CHINA’S struggle to contain the spread of Covid-19 may dent the performance of the Philippines manufacturing and export performance in the coming months, according to local economists.
The Chinese government recently implemented what is called a “dynamic clearance” in important trade hubs or large cities like Shanghai to prevent the spread of Covid-19.
Ateneo Eagle Watch Senior Fellow Leonardo A. Lanzona Jr. said these lockdowns could intensify supply side constraints now being experienced by global and regional trade.
“The situation of ‘dynamic clearance,’ the term used in China for lockdowns, would further strengthen the supply side constraints which up to now affects global and regional trade. This of course leads to shortages and eventually inflation,” Lanzona told the BusinessMirror.
“The situation can offset much of the gains we have made in terms of production and trade since the start of the year when we began to reduce our virus restrictions,” he added.
Lanzona said the country’s manufacturing performance may slow down unless the Philippines develops trade with other countries in the Asia and the Pacific region.
Look beyond China
“The goal then is to look for other markets than China. This can prove to be a challenge so it is crucial also that we shift our attention to our agricultural sector to ensure food production and reduce shortages that can lead to price increases,” Lanzona said.
Former Dean of the University of the Philippines School of Economics Ramon L. Clarete said the situation in China would “badly” affect regional and global trade as it accounts for 30 percent of the world’s manufacturing sector.
Clarete said in terms of car manufacturing, China is an important player as it supplies batteries used by Tesla vehicles. Other commodities are bound to be affected by these lockdowns.
He said the Philippines, as a value adder in the manufacture of electronic products, would be affected through its imports. These imports will also affect the country’s top export product, semiconductors.
Clarete said factories, including Philippine Economic Zone Authority (Peza) locators, would experience a slowdown as the “holdup in global supply” will drag industrial performance.
“This is like the curse of globalization. The global supply chains have to innovate into more participants in the chain to manage the risk such as lockdown in a supplying country,” Clarete told this newspaper.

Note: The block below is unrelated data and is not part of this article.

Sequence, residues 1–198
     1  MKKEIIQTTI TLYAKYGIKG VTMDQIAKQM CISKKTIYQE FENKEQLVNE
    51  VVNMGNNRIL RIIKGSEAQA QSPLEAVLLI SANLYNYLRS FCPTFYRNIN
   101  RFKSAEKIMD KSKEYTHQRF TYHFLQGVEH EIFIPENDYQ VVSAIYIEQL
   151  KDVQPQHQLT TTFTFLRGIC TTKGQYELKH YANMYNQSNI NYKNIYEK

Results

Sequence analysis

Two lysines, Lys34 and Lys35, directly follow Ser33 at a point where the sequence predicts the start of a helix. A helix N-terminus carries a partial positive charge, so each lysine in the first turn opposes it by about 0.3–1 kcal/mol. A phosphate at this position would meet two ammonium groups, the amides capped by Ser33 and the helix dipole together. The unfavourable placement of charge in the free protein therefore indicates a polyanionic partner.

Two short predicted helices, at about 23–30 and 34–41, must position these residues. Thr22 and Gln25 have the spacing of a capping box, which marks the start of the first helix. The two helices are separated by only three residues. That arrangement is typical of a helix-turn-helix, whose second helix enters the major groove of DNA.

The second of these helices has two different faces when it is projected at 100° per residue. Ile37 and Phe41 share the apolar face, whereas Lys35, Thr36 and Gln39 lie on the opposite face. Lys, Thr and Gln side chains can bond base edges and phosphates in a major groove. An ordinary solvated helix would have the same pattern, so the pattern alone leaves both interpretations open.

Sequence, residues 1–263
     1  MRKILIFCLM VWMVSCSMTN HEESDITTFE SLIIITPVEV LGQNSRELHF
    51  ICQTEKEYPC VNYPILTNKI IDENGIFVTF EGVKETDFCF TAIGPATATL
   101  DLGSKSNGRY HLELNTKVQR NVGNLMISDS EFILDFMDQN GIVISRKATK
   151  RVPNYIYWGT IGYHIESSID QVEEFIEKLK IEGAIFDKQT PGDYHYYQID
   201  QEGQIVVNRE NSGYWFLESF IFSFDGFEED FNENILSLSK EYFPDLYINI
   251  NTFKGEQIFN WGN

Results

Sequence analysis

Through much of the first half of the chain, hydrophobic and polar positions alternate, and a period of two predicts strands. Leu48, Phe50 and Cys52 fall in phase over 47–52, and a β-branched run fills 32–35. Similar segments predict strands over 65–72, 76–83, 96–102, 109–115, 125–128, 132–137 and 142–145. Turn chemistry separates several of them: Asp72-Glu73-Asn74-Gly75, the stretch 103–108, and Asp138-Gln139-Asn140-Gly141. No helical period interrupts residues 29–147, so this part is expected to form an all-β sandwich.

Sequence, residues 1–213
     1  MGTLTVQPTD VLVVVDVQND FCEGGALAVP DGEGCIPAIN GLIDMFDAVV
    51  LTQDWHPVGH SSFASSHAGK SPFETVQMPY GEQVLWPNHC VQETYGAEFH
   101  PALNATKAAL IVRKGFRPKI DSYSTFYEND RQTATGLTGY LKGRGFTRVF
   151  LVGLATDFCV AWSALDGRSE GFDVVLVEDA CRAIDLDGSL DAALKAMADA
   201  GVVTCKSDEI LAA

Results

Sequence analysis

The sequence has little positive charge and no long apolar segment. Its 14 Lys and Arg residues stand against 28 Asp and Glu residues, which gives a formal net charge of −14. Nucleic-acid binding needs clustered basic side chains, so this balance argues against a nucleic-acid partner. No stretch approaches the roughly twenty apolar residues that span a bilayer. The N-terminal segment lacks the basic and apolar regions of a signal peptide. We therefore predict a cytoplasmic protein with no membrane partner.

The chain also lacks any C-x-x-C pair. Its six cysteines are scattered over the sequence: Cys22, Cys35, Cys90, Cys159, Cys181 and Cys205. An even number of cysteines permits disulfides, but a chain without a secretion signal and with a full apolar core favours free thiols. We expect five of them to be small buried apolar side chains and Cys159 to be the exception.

“For now, [the Philippines] could focus on non-tradables like food and agriculture, processed food for the domestic market, mining to stockpile, [as well as] services such as tourism and BPO [Business Process Outsourcing],” he added.
However, Action for Economic Reforms (AER) Coordinator Filomeno Sta. Ana III said that while China’s impact on the global and regional economy is significant, the situation in other parts of the world is far worse.
Sta. Ana said media outlets’ reports on the Covid-19 situation in China “are exaggerated” and that there was no reason for China not to be able to contain the spread of Covid-19.
He added that with more vaccines and even medication, China is in a better situation to fight the pandemic. He said the track record of China in fighting the virus speaks for itself as the outbreak in Wuhan was “decisively flattened.”
“That said, the disruptions in China will affect supply chains and trade. But the problem in relation to the current Omicron surge is temporary,” Sta. Ana told BusinessMirror.
Meanwhile, Freedom from Debt Coalition (FDC) President Rene Ofreneo thinks the role of China as the “growth locomotive of Asia” has already been significantly diminished.
The numerous disruptions have eroded the leadership of China. Ofreneo added that China’s internet growth was affected by the resurgence of Covid and the real estate crisis as seen with Evergrande.
Further, Ofreneo said China’s Belt and Road Initiative has become less visible and its lending programs to Sri Lanka and Pakistan have highlighted the “danger” faced by borrowing countries when they secure Chinese loans.
The partnership of China with Russia, Ofreneo said, has also affected China’s position in regional and global affairs. He said the partnership has been “denounced by the West” and affected the global economic order.
“All the foregoing have serious implications on the Philippines. Lately, the government is no longer as gung-ho as before in discussing advantages of trade and investment partnership with China,” Ofreneo told BusinessMirror in an e-mail.
These developments, Ofreneo said, prompts the Philippines to strengthen its domestic capacity by boosting its industrial and agricultural growth.
This also makes it imperative for the next administration to invest in local talents or improve the skills of Filipinos. There is a need, Ofreneo said, to “restrategize growth” of the Philippine economy.
Bloomberg recently reported that the lockdowns to contain the country’s worst Covid outbreak since early 2020 have battered the economy, stalling production in major technology and financial hubs like Shenzhen and Suzhou, and halting spending by millions of people shut in their homes. (Story: https://businessmirror.com.ph/2022/04/16/heres-how-chinas-lockdowns-are-rippling-through-the-economy/)
Image credits: AP/Chen Si